In the event my clever lawyer wrote told Barnard’s solicitor that my defence would be that I’d found all the hideous boasts about making a two headed dog, and the screams of a baboon wrenched from his mate to take his heart for an experiment, in Dr Barnard’s own autobiography, and a TV interview. We heard no more!

I continued writing columns that enraged people, writing of the barbaric treatment of calves in modern farming, to the use of 245T (a dioxin based pesticide) the indiscriminate felling of trees, and other environmental concerns. After a column on climate change and the ozone layer, a university professor wrote a scathing letter to the paper calling me a ‘knee-jerk environmentalist’, while a professor of paediatrics, rang me at home he was so furious when I wrote that babies should never be left to cry as it broke their trust in their parents.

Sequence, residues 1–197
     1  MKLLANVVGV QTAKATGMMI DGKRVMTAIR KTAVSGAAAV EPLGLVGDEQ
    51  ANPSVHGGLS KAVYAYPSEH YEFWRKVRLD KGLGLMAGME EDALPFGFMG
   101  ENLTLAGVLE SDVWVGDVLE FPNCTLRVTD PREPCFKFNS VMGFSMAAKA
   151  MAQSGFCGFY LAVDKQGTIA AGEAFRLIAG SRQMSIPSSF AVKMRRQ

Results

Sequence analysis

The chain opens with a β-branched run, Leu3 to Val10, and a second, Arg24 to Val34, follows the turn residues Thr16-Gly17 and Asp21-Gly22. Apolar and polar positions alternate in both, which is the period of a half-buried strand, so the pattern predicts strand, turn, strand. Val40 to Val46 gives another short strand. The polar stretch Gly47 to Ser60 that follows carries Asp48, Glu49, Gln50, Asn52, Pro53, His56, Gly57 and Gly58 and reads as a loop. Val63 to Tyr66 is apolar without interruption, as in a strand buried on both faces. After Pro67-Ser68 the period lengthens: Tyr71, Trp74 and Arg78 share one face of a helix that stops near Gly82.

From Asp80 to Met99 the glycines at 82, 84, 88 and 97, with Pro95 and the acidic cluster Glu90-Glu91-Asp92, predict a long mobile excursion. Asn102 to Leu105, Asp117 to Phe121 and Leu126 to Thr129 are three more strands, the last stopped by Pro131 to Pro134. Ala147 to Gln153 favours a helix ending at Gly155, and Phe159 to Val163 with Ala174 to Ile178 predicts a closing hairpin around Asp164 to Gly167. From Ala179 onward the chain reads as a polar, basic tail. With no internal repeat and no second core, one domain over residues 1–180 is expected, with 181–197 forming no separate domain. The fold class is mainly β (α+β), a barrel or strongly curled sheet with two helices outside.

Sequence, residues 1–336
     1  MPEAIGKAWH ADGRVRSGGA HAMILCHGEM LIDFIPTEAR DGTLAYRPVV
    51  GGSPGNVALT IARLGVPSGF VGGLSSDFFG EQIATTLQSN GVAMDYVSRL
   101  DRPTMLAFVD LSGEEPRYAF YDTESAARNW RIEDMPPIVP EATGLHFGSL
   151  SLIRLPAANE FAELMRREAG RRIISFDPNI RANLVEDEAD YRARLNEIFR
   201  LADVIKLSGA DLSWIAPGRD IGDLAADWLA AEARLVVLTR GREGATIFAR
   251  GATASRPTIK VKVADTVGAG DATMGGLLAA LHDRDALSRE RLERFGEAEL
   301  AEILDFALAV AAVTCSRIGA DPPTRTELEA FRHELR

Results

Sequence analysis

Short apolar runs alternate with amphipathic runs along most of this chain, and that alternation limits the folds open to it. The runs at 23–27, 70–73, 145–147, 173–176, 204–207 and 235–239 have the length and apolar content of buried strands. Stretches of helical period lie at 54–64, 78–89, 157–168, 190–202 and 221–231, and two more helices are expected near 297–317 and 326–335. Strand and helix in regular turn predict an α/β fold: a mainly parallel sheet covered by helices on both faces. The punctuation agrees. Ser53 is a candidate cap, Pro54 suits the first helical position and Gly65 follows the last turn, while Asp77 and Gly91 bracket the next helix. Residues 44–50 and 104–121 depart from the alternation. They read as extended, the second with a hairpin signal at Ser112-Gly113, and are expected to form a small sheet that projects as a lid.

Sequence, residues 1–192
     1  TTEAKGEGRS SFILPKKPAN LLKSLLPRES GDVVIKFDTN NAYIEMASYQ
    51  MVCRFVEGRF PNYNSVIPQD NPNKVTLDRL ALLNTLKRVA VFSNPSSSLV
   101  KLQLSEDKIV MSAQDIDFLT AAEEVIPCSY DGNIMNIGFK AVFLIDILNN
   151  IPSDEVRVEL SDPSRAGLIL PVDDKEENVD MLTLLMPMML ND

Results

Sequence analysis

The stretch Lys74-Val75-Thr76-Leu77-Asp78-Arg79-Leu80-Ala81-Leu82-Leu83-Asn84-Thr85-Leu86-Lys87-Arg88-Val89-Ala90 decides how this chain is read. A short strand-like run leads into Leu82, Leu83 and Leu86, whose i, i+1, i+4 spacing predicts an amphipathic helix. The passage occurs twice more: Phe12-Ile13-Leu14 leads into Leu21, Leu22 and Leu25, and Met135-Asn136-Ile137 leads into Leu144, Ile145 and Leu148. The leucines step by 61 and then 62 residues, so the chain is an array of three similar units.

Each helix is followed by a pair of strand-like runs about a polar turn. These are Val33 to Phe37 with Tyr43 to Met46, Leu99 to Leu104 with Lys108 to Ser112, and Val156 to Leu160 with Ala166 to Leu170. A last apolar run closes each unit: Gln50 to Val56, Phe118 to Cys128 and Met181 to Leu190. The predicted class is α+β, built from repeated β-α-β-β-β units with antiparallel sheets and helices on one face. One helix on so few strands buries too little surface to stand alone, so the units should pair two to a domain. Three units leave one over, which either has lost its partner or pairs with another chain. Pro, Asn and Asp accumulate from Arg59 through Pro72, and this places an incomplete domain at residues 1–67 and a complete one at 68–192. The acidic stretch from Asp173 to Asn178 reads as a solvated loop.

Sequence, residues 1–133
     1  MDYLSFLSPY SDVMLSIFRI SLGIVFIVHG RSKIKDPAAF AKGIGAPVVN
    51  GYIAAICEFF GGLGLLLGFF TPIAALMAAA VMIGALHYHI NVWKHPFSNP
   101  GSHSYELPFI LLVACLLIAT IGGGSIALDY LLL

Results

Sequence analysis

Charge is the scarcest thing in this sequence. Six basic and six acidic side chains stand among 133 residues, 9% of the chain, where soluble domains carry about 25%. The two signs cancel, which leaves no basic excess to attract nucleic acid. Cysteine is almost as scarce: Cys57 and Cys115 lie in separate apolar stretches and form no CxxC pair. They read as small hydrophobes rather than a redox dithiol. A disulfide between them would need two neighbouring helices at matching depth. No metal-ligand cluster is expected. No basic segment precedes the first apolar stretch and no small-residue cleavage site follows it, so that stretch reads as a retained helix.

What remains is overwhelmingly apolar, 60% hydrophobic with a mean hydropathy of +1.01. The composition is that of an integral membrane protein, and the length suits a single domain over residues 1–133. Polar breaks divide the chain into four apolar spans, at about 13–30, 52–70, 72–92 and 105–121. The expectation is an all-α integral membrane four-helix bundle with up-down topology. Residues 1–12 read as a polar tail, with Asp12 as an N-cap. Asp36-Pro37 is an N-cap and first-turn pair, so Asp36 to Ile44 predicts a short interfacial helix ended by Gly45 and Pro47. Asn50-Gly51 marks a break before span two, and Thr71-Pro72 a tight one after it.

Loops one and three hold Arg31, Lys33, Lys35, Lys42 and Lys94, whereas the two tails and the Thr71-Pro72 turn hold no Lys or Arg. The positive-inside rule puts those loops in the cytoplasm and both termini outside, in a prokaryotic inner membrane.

Now all the research into brain function has proved me right. Child psychology preaches the benefits of cuddling and of feel- good pheromones  connecting in the brain, and the dangers of cortisone building up in the brain if babies are left to cry, which leaves them prone to depression and a host of problems as they grow older…

Sometimes, in the rain and misery of the Springbok winter, traipsing in and out to the Royal Commission in the city- an hour’s drive each way- struggling with Chronic Fatigue Syndrome, living on willpower, not energy, seeing the miseries of modern farming as I drove past fields with bleak herds of cows deprived of their new calves, stopping the car to untangle desperate goats tied up and used as lawn-mowers on the road-side, I used to wonder what was wrong with me.

Why was I so out of step with everyone and everything? And then I discovered a group in England called Women for Life on Earth, and I knew I wasn’t mad after all, and that my concerns were those of many others too. Knowing this restored my confidence and gave me heart. (This group morphed into the Greenham Common Women’s Peace Camp, and their historic resistance to nuclear weapons.)